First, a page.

More than 60% of individuals with Alzheimer’s disease will have a decline in some type of visual capacity, with the most common being motion blindness, depth perception, color perception, and contrast sensitivity1. Recognizing that a person’s behaviors may be impacted by their ability to see and understand their surroundings can be very beneficial for caregivers. Making changes in lighting, colors, and glare may be impactful for Alzheimer’s patients and reduce their difficulties with activities of daily living (ADL). Here is a list of simple changes you can make at home to try and help a person experiencing Alzheimer’s symptoms:
1. Start each morning with freshly cleaned glasses if the person in your life with Alzheimer’s wears them. Dirty glasses hinder the ability to see things clearly, and the last thing needed is to make vision more difficult for a person already experiencing reduced vision.
2. Keep a spare pair of glasses in the cabinet, so they can be grabbed if the main pair your loved one wears get misplaced. Also, finding a nice eyeglasses chain that hooks to the each end of the glasses may be useful. These are great because when you take off your glasses they can just hang around your neck like a necklace, making the glasses much less likely to be misplaced.
3. The color red is easier to see for many as vision declines. Use the color red to highlight items that you want to stand-out to the Alzheimer’s patient1. For example, choosing a red phone case may make it easier for someone with Alzheimer’s to see the phone. Other common items that often get misplaced or overlooked and therefore you may want to consider getting in red may include, a water glass, tea cup, glasses, toothbrush, key chain or key covers, and a purse.
4. Try to make sure the walls and floors are not the same color. If they are, then paint the trim along the floor a contrasting color so one can easily identify where the wall ends and the floor begins1,2. Also, consider the same for door trim, walls and ceilings for tall individuals. If you are tall and have difficulty discerning the separation, it may feel like you are going to hit your head on the ceiling when walking through a door frame or someone may misinterpret the door frame as the ceiling and bump their head. Either scenario can be a source of anxiety and frustration. Finally, avoid monochromatic decorating schemes, such as an all-white bathroom. A white toilet will be hard for some people with Alzheimer’s to identify if the floor and walls are also white, resulting in bathroom issues.
5. Reduce glare in a room by pulling down shades, covering glass surfaces, and increasing the wattage in light bulbs1. Also, light colored walls will still keep a room bright, but will have less glare than pure white walls2.
6. Place rugs in front of doors and steps that are a different color to help people anticipate the stairs and entrances1. Outdoor concrete steps can be especially difficult due to the gray color and shadows from the sun. Try painting the lip of the step a bright, contrasting color like yellow.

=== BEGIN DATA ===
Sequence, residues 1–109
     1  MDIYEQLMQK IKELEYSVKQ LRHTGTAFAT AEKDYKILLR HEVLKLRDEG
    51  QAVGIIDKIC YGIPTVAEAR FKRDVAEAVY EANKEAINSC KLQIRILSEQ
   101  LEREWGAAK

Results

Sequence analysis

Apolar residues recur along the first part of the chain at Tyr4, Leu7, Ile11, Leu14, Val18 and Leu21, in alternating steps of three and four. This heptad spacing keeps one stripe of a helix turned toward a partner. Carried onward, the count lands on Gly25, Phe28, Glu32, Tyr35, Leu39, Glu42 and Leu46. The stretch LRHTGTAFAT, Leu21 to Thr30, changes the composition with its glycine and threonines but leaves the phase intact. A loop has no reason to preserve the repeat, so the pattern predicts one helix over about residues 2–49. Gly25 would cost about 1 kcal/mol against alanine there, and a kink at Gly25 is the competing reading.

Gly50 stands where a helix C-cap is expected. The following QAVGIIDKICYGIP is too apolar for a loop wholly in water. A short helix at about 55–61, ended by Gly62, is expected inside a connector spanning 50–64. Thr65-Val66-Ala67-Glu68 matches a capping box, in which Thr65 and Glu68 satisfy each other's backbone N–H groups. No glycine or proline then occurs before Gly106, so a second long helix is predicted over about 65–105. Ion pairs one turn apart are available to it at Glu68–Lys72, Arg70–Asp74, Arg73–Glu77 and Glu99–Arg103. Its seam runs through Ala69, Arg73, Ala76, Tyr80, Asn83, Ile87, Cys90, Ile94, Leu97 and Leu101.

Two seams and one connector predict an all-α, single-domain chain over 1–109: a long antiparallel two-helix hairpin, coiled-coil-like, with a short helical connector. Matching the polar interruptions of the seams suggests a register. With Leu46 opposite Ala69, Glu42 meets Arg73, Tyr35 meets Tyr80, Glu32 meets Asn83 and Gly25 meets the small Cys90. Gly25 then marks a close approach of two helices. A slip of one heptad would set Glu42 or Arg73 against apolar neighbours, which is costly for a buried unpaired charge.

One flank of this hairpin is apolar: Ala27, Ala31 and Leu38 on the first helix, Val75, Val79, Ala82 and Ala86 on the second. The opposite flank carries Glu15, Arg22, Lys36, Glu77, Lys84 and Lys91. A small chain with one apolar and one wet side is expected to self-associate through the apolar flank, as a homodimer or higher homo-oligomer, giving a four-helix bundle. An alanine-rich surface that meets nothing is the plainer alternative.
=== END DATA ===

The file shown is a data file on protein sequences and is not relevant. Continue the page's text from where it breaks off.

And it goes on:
7. Avoid visually busy patterns for walls, floors, or furniture2. While contrasting black and white tiled floors or herring bone pattern wood or tile floors are popular design trends, they can be very visually busy and may cause great difficulty for someone experiencing some of the visual changes that sometimes accompany Alzheimer’s disease.
8. Provide visual landmarks in a room that you do not move or change. For example, a large sofa in a specified location can be helpful. People become accustomed to its presence and location and it can serve as a home base to navigate the rest of the room from.
9. Turn on extra lights, especially during the night time3. Having night lights in the hall and bathrooms may be helpful as well. You can also get motion sensor lights to install under cabinets. We have these in our bathroom, which are activated as soon as you walk through the bathroom door. They are brighter than a night light, but dimmer than an overhead light. Therefore, providing enough light to get to the restroom without the visual shock of an overhead light, which for some can be enough stimulation to make falling back to sleep difficult. The other great part of the motion sensor lights is they turn off automatically after a few minutes, so you don’t need to worry about your partner leaving the bathroom light on all night.
10. See an eye doctor annually. There are many vision problems that can happen as we age that are mistaken for signs of dementia getting worse, but actually are actually correctable vision issues that are not related to brain health.3 Keeping up on eye exams can help to identify treatable vision issues and reduce unnecessary frustration for both the Alzheimer’s patient and caregiver.
Written by Marci L. Hardy, PhD
- Alzheimer’s Association. Vision Problems Associated with Alzheimer’s disease. www.alz.org/centralohio/doc . Accessed on May 1, 2017.
- VisionAwareTM. Alzheimer’s disease. http://www.visionaware.org/info/for-seniors/health-and-aging/vision-loss-and-the-challenges-of-aging/alzheimers-disease/1235 . Accessed on May 1, 2017.
- Caring.com 6 Vision-Boosting Tips for Someone with Dementia. https://www.caring.com/articles/6-vision-boosting-tips-for-someone-with-dementia . Accessed on May 1, 2107.
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